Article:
History of Vernon
Heritage buildings, structures, sites and streetscapes are those physical elements of the past which reflect each community's historic evolution and unique identity. Vernon, as the oldest incorporated city in the Okanagan Valley, has a rich inventory of heritage resources. For more than a century, Vernon has welcomed people from all parts of the world who were attracted by its character and physical beauty, together with its economic and cultural diversity. Today Vernon continues to grow, while maintaining for both newcomer and old-timer alike the connections with the past that lend a sense of stability and continuity to the community.
For many thousands of years parts of the Okanagan Valley were occupied by the Interior Salish people. Change came in the summer of 1811 with the arrival of the fur traders. Each spring, large brigades journeyed south with shipments of furs and returned north in the fall with winter supplies, using the Hudson's Bay Brigade trail on the west side of Okanagan Lake. By the 1850's, fur traders had given way to miners throughout B.C. In the Okanagan Valley, gold was discovered at Mission Creek, Cherry Creek, and along the east arm of Okanagan Lake.
Drawn by the native presence, the first Oblate missionaries ventured into the valley. Father Durieu built a cabin near the junction of Swan Lake and Long Lake Creeks about 1863, joining Luc Girouard, a gold miner and the first white settler in the area, whose property was nearby to the North. The gold miners' camps, in turn, drew cattlemen, anxious to market beef on the hoof. As the cattle ranches flourished, wagon roads replaced the original pack trails. A section of the road from Fort Kamloops, crossing Swan Lake Creek and continuing eastward to the gold mines on Cherry Creek, served as Vernon's first main street. Pleasant Valley Road branched off to the north, skirting the swampy ground below the present cemetery and continuing to the BX Ranch and Spallumcheen.
Within ten years, the fledging settlement of Priest's Valley (Vernon) boasted a post office, as well as a hotel, general store, and schoolhouse. In 1885 a government agent's office was opened, and Charles Brewer and E.J. Tronson laid out a townsite, christening it Centreville. The Hudson's Bay Company, recognizing the potential of the community, opened a rough wooden store in 1887, the same year the town was renamed Vernon. Transportation links to the outside world became a reality as the CPR main line was completed. By 1890, a charter was granted for the construction of a branch line from Sicamous to Okanagan Landing. In the surrounding district, wheat growing had become an important industry, second only to cattle ranching. Fruit farming was introduced by Lord Aberdeen on the Coldstream Ranch lands, attracting many British families to the area.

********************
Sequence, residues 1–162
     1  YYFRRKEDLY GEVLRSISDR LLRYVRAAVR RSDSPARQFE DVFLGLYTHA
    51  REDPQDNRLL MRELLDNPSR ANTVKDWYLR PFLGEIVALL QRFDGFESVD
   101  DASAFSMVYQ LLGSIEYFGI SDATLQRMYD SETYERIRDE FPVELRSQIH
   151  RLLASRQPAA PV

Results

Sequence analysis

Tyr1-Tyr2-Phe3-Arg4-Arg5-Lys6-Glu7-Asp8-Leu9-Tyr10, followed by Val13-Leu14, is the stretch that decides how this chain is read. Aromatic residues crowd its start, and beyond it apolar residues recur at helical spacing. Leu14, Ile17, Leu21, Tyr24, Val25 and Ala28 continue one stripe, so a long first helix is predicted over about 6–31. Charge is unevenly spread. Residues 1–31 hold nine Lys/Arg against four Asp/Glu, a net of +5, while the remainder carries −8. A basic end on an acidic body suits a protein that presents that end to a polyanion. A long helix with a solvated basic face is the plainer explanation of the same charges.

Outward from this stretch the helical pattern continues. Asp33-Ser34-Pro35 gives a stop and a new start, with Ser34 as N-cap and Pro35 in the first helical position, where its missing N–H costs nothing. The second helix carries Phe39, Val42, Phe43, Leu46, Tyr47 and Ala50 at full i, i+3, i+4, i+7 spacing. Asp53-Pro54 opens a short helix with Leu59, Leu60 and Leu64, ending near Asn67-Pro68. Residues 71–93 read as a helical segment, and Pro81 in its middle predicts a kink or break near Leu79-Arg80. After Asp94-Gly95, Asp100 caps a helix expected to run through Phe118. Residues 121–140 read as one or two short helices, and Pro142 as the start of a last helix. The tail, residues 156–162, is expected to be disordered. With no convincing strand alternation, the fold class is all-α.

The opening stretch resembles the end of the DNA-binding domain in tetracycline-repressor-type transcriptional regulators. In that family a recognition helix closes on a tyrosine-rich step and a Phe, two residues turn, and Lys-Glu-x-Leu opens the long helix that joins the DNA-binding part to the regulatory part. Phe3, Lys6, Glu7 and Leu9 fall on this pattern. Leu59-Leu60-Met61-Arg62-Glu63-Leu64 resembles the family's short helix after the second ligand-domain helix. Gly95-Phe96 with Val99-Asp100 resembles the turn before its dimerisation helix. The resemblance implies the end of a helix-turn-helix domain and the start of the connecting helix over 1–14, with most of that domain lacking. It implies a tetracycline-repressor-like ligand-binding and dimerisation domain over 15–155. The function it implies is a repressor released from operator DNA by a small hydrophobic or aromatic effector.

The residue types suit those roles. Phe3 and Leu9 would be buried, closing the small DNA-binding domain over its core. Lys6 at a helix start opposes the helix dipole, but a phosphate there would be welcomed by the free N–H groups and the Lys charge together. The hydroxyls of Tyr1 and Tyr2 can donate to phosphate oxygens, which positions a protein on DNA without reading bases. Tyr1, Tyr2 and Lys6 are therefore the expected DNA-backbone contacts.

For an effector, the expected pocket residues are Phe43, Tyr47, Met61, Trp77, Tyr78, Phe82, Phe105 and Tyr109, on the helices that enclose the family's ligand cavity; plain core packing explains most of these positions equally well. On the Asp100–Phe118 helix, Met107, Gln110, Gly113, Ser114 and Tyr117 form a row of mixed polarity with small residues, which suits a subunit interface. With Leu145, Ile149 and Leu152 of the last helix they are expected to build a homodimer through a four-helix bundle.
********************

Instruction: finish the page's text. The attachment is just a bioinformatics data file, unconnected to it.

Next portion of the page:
As the population expanded, construction boomed and new businesses were established. The centre of town began to shift from Coldstream Road (Avenue) to the recently constructed Barnard Avenue (30th Avenue).
The first brick building appeared, wooden sidewalks were built, and the first telephone was installed. Discussions regarding the future of the rapidly growing town culminated in the incorporation of the City of Vernon on December 31st., 1892. Further community development included the opening of the first hospital, the construction of a new brick school, and the installation of street lamps.
In 1903, Vernonites saw the construction of their first city hall, which also served as a fire hall and public reading room. By 1904, Vernon was the largest town in the valley and the first in the Okanagan to have a bank. A school of nursing was established that same year, followed by a telephone exchange housed in Muir's drug store. Shade trees were planted on the main street and another large hotel, the Royal, opened for business. As the end of the decade approached, community services continued to improve. A sewage system was installed and cement sidewalks replaced wooden ones on 30th Avenue. Central School (Beairsto) opened in 1909, as did the new Vernon Jubilee Hospital on Mission Hill.